Sun. November 22, 3 pm: Part 1
Tues. November 24, 7 pm: Part 2

Hear a lawyer explain the United Nations Declaration on the Rights of Indigenous Peoples (UNDRIP). Then hear from Indigenous people what UNDRIP means for their lives and for their communities. Plan ways to implement UNDRIP in our own communities.

 

Braiding Sweetgrass: Indigenous Wisdom, Scientific Knowledge, and the Teachings of Plants

by Robin Kimmerer

Tues. November 24, 8 PM

As a botanist and professor of plant ecology, Robin Wall Kimmerer has spent a career learning how to ask questions of nature using the tools of science. As a Potawatomi woman, she learned from elders, family, and history that the Potawatomi, as well as a majority of other cultures indigenous to this land, consider plants and animals to be our oldest teachers. Register here.

 

 

 

Words for a Freezing Moon

Nov 7, 2020 at 02:00 PM (Sask time)

Words for a Freezing Moon 2020 will feature storytellers include Maria Campbell, Joseph Naytowhow, and Gregory Scofield and includes readings from authors Ashley Hayden, Tara Gereaux, and Karis Oscienny. Musical performances by Teedly Linklater and Joseph Dejarlais. Sponsored by SK Arts.

Registration required (no cost). Let’s show up and demonstrate we act on reconciliation.

Part of the Ânskohk Aboriginal Literature Festival – SAWCI
If you’d like to attend this amazing event, Register on Zoom

Sask. Peace Conference

Displaced: Upheaval, Hospitality, and Justice in the Search for Home

Sat. November 7, 10 am – 4:30 pm

Free online conference to explore the realities of refugees, internally displaced persons, and Indigenous peoples around the world and locally. Open to all. Sponsored by the Mennonite Central Committee SK. More details and registration here:

Wednesday October  21, 4 pm: SCREENING OF THERE’S SOMETHING IN THE WATER FOLLOWED BY A PANEL DISCUSSION WITH PRODUCER DR. INGRID WALDREN, DR. DAVID SUZUKI, & FRONTLINE ACTIVISTS.

September is Climate Action Month

KAIROS declares September is Climate Action Month. It aims to galvanize awareness of how the climate crisis impacts vulnerable communities, including women and Indigenous peoples. Kairos intends to stimulate people to reflect on how climate change and Indigenous issues are deeply interwoven. KAIROS’ climate action is rooted in reconciliation and this initiative is intended to amplify and prioritize Indigenous voices.  Kairos offers a card suggesting an action for each day of September. It is a great way to motivate your fall Climate Action!  For more details on each action, Follow the Kairos blog .

https://www.kairoscanada.org/what-we-do/ecological-justice/climateactionmonth

Orange Shirt Day

September 30 is Orange Shirt Day (https://www.orangeshirtday.org/). This is a day to remember that thousands of children across the prairies were taken from their homes to attend residential schools. All were denied contact with their parents, language, and culture. Some never returned home. Please honour them by taking a few minutes to listen to one story.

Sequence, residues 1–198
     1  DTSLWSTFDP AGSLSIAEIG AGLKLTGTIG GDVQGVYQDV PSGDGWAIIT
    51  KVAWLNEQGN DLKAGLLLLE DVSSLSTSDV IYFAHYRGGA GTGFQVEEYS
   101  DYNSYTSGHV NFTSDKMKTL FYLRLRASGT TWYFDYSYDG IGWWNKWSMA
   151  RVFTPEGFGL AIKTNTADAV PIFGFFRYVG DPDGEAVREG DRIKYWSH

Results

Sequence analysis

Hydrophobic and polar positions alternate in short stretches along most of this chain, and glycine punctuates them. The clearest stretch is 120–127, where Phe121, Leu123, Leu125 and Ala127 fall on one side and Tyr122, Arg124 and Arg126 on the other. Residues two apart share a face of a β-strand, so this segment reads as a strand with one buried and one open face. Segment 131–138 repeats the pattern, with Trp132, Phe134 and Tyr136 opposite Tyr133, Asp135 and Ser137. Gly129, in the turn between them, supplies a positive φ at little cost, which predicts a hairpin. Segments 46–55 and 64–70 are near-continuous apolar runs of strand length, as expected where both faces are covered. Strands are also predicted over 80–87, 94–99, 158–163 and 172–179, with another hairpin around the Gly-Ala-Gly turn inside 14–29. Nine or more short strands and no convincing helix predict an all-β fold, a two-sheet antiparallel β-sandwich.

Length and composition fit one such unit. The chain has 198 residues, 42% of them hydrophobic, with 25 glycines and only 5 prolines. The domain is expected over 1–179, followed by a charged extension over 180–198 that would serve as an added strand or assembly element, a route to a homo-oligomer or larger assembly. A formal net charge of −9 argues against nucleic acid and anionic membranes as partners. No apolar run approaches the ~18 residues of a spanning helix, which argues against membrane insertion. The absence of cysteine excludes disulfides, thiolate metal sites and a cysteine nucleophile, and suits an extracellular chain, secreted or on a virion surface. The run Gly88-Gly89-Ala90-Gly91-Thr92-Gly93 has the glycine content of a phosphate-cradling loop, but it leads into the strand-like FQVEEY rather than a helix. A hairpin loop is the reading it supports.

Louise Hall,  Pine Creek Residential School Camperville, Manitoba   Residential school survivor: ‘I grew up hating the colour of my skin’ (3:54 min)

Territorial Feminisms and Diverse Ecologies: A series of virtual gatherings on women and land defense

Tuesdays 8:00 AM (Regina time) October 6, October 20, December 15, 2020

The Latin American Network of Women Defenders of Social and Environmental Rights, a KAIROS partner, will host a series of virtual gatherings called “Territorial Feminisms and Diverse Ecologies”. Details

“Putting A Face on Justice: From Calls for Justice to Action”

A Missing Person’s Week Event – the families speak

Please show your support for the Families:
Be sure to pre-register by September 14th, 2020, HeatherPeters@mccsk.ca . Heather will send you the Zoom link to attend.
For More Information: Darlene R. Okemaysim-Sicotte 639.318.1275 or Helen Smith McIntyre 306.717.5110

World Week for Peace in Palestine and Israel

September 14-21, 2020 – The World Council of Churches invites you to participate in the annual World Week for Peace in Palestine and Israel. This is a time for people of faith all over the world to join in worship and prayer for an end to the occupation and for a just peace in Palestine and Israel. This year’s theme for the World Week of Peace in Palestine and Israel is “Creative Solidarity in Common Fragility”. During the week, KAIROS and member churches will call on network members to educate, advocate and pray for peace in Palestine and Israel. We will share educational and worship materials and highlight existing partnerships and advocacy for a just peace in Palestine and Israel, including last year’s church leaders’ delegation to the region and follow up actions. Stay tuned!

Women Hold Up the Sky: African Women Rise for Climate Justice

Tuesday, September 22, 5:00 – 6:30 p.m.  Regina Time